Tips for your residential landscape consultation

Tips for your residential landscape consultation

By Misty Gil, Posted in Feature Stories
March 01, 2023


You may or may not know the exact details of what you want for your future landscape, but you know you want it to be different than what you have. Whether you want to add a recreation area in your backyard, revitalize your front yard, or just want a nice place to relax, your first meeting with a landscape designer can be the key to realizing your dream outdoor space. After all, this is your space and your dream. Your designer is there to help you realize that dream and make it come true. Below are some tips to make that consultation the best use of your time and to get what you want out of the landscape design experience.


1- All decision-makers need to be at the consultation

Your designer needs to hear all the thoughts and opinions of stakeholders. It also is a great time to build a relationship between you and your designer. If they get to know you and understand you, everything will flow better, and the design will reflect your tastes and interests. This may also save time in the design process if they get the opinions and thoughts of all parties that may be interested in how the space turns out.


2- Think about what you like about your current landscaping, and what you don’t

Maybe you like the blooms in the spring on existing shrubs or the color of the stone on your front steps. Showing precedents of ideal landscapes that match your project objectives, budget, style and likes and dislikes helps to paint a picture of your style and needs. Also, take the time to show them the things you don’t like as well, even the small things. An example may be as small as mulch splashing up on the house when it rains. That can easily be accounted for and remedied during the installation process. The goal is to present problems so your landscape designer can provide appropriate solutions. Don’t be afraid to have your designer walk through your house to get a better understanding of your style.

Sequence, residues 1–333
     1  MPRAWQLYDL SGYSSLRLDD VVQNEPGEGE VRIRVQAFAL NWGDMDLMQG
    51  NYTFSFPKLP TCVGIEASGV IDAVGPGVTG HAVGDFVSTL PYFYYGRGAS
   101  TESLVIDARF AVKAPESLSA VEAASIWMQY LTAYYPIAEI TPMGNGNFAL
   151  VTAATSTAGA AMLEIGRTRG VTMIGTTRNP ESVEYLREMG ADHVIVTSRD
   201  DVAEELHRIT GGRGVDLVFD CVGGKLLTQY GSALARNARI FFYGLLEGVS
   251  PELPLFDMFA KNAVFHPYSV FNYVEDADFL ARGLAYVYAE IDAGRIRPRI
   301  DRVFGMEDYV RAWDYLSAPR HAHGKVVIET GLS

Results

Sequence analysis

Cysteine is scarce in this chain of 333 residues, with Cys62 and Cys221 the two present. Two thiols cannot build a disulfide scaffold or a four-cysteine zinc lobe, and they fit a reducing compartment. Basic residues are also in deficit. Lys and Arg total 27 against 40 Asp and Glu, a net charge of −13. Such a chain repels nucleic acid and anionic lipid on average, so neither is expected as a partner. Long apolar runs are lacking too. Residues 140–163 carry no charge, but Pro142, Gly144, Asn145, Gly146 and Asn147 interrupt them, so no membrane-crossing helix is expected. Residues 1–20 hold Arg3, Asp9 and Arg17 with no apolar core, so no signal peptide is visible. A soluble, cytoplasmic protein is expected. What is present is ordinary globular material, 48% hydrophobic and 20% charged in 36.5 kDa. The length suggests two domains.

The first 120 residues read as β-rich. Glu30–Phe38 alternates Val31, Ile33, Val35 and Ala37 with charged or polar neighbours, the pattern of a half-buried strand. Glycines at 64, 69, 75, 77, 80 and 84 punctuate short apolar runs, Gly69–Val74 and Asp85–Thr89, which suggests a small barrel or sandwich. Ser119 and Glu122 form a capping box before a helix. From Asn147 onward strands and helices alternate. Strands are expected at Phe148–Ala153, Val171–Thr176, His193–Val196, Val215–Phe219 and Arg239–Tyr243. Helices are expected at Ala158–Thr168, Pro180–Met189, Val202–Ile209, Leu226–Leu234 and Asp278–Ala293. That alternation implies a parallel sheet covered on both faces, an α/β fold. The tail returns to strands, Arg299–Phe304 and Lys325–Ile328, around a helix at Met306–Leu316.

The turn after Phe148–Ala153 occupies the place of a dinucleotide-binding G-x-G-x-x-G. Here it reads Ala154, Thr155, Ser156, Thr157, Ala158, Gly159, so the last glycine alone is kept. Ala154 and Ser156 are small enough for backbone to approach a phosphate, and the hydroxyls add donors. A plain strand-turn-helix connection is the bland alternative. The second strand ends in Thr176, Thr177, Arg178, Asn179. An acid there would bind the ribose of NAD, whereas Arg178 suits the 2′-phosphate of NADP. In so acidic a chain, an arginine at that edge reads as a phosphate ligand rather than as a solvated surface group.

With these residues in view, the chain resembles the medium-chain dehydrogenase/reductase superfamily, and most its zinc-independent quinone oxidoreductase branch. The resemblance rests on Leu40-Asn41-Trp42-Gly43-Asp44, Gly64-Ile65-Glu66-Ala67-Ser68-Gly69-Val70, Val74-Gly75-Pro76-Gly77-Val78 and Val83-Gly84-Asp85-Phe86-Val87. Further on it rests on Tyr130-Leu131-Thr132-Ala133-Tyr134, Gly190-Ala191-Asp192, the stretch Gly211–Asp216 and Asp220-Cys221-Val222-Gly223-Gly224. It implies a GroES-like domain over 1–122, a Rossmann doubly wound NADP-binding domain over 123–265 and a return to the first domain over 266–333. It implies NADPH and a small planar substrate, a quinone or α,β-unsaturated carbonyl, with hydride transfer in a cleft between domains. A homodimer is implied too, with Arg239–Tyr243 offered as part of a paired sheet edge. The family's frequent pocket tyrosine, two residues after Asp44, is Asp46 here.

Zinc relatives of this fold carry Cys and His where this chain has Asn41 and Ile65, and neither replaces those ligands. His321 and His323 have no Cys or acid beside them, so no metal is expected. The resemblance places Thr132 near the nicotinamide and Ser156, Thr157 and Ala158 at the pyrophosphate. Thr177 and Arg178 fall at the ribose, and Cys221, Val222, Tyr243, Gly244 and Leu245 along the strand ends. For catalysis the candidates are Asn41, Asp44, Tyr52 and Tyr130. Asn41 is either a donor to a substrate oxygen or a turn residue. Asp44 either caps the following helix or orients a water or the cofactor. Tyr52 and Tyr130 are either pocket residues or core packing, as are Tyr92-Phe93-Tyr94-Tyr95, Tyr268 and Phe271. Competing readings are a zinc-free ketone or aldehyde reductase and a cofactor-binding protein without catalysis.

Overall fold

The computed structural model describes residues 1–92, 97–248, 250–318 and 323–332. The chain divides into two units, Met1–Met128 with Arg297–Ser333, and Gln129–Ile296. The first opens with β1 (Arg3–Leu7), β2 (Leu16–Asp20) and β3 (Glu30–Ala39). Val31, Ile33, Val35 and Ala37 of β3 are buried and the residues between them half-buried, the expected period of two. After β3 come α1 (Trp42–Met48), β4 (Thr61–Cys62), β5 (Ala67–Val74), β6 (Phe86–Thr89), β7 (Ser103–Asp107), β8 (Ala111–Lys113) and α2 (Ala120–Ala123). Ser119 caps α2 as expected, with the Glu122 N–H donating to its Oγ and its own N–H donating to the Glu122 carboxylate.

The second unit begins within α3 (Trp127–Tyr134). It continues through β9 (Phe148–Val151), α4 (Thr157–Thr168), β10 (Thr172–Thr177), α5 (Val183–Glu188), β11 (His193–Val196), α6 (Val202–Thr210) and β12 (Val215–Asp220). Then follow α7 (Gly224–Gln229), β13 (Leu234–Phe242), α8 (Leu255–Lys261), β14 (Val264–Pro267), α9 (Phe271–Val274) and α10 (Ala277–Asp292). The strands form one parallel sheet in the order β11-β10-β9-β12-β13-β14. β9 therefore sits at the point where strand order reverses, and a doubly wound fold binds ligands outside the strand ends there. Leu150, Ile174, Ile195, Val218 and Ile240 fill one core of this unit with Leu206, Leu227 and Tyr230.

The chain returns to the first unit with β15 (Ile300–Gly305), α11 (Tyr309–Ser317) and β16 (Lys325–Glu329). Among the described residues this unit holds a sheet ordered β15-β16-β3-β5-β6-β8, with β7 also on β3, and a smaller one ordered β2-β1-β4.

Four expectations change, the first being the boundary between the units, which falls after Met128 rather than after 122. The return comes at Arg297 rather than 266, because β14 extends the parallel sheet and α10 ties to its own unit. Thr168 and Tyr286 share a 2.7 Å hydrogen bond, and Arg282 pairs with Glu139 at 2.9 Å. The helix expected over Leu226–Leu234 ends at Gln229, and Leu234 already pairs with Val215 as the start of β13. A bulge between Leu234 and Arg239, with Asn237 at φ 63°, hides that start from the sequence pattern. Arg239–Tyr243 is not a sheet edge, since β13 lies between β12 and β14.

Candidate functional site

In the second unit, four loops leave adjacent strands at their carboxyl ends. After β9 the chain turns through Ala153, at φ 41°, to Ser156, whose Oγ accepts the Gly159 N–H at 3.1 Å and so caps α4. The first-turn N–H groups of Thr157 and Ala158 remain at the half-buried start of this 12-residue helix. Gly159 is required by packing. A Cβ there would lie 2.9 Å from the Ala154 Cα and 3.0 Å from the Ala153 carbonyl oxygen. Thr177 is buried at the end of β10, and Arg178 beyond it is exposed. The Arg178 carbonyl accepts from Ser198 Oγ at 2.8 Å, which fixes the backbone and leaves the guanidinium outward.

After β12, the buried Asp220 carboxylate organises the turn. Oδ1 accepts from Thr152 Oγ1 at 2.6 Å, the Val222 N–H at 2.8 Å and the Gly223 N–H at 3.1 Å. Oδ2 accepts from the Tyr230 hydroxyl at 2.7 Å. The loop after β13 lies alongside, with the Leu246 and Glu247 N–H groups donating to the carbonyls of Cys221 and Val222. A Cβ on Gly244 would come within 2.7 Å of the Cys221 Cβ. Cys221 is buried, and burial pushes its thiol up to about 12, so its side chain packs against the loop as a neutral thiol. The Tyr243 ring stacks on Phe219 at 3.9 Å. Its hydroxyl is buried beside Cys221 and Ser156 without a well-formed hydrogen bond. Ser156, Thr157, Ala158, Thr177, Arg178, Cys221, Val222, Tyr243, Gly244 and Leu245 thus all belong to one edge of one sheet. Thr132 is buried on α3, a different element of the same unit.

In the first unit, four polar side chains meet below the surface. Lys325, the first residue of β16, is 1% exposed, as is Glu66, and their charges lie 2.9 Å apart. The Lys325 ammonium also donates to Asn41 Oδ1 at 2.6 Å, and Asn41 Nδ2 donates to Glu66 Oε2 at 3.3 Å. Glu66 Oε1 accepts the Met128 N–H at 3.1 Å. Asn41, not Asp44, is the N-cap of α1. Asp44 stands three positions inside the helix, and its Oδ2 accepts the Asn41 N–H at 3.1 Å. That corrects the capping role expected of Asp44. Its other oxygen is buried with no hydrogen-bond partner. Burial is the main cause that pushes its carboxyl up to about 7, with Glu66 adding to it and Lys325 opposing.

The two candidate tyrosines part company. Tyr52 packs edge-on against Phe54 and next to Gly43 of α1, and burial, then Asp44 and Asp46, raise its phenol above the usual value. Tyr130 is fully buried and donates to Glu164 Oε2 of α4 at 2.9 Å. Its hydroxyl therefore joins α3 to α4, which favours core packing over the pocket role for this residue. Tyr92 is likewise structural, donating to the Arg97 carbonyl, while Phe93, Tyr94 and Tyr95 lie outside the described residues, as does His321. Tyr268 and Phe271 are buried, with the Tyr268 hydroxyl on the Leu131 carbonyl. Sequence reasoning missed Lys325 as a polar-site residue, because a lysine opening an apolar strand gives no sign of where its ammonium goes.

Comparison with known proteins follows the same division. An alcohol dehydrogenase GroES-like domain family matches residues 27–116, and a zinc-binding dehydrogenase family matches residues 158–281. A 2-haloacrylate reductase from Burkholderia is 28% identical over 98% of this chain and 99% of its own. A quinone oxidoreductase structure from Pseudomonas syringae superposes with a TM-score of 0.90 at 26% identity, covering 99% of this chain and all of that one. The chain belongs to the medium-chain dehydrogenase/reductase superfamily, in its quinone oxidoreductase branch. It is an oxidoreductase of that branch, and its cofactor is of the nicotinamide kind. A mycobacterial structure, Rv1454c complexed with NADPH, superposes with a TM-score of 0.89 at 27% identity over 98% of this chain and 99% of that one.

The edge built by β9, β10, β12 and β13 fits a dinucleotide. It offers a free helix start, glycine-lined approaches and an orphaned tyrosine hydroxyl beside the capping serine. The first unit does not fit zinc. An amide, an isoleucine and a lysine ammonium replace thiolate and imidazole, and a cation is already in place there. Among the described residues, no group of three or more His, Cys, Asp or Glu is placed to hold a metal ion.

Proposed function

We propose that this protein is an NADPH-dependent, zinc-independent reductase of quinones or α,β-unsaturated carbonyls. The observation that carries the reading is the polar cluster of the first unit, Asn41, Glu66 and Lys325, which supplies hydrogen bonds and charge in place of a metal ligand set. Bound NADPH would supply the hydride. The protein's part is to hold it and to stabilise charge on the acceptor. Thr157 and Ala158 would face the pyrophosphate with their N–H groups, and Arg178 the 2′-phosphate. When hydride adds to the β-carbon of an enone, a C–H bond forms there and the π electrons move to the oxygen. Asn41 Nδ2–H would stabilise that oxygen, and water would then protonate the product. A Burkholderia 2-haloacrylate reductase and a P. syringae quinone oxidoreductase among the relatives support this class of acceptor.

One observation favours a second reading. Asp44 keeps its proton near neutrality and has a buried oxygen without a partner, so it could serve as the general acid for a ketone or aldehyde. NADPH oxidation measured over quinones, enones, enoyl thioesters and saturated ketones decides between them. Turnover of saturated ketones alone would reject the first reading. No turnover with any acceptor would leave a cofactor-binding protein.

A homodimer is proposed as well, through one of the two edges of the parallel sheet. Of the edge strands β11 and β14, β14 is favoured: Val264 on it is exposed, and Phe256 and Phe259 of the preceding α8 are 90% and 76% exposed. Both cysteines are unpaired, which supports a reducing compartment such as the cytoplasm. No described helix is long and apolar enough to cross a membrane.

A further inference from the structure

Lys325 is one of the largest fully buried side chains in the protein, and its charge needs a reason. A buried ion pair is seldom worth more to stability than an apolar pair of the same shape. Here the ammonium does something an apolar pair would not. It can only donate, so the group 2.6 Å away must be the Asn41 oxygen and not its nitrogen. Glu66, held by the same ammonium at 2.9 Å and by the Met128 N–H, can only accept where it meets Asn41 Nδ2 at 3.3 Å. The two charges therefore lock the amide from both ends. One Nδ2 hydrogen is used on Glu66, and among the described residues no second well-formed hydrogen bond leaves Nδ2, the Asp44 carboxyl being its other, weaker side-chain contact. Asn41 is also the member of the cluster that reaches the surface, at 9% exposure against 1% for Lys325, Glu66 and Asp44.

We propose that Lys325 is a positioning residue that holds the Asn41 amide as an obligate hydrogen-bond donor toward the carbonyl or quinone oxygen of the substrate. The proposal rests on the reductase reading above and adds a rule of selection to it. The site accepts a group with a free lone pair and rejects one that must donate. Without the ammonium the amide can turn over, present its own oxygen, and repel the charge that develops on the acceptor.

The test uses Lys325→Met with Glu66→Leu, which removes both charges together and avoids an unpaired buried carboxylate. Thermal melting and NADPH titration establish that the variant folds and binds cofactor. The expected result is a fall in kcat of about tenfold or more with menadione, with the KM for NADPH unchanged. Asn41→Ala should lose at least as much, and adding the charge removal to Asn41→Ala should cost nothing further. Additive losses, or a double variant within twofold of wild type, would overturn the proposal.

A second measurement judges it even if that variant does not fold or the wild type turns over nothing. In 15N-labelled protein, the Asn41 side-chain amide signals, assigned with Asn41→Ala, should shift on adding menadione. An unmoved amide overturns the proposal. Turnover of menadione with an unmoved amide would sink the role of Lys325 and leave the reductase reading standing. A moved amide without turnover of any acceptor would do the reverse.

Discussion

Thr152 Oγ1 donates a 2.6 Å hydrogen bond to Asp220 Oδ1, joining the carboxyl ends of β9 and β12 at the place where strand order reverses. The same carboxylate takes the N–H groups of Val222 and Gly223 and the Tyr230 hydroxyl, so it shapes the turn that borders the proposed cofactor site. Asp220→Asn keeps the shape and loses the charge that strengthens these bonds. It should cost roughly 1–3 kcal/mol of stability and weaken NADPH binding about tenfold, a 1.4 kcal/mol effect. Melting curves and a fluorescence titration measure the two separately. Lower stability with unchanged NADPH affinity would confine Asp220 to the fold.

3- Let the designer know what you will be doing in your landscape and how you want to use it

It is vastly different ta install a pool and patio that two people will be using regularly, and one that needs to accommodate larger groups frequently. Someone who likes to have family and neighbors over every weekend to swim and grill will need space to accommodate them and plenty of seating. Your designer also needs to know if you have pets and how they use the space. Does your dog spend a lot of time in the fenced-in yard, or do you walk them through your neighborhood for exercise? Do you have small children that may like a swing set or trampoline or teenagers that would enjoy a basketball court?


 4- Have a budget in mind

And share that budget with your designer. Sharing your budget allows your hired professional to design to your ideal budget.  This helps save you money and your designer time.  The more parameters and information you provide upfront, the better the initial design concepts will be. Your designer is skilled at knowing how to keep a project within a budget and how to help you navigate hitting all your goals.


5- Be prepared to talk about timeline expectations

At the very first meeting, let the designer know any timelines you may have. Most companies are booked out 6-12 weeks from the date of signing. That does not include time to design and present. That timeline can also change drastically if there are issues with permitting or the supply chain. If you have a hard date that things need to be done by, be transparent about that in that meeting. It may be that the project needs to work in phases or be adjusted temporarily to make it all happen the way you would like. If there’s a pool, expect a 9 month to year-long design process.  Municipality requirements are becoming more stringent and submittal/review process takes time that you may not be aware of.


 6- Bring information and inspiration

Having the most recent land survey, irrigation maps, and previous design plans can help the designer if you have them. You should also consider gathering inspiration photos of your ideal landscape aesthetic to have on hand at your first meeting. This can be as simple as walking through your favorite neighborhood and snapping a few photos of landscapes that resonate with you. Use technology to your advantage to help you convey what you like. Pinterest is a great online resource for gathering inspiration photos. You may not know the scientific names of plants or specific types of stone, but showing a few photos can help identify what you like and convey your vision of a dream outdoor space.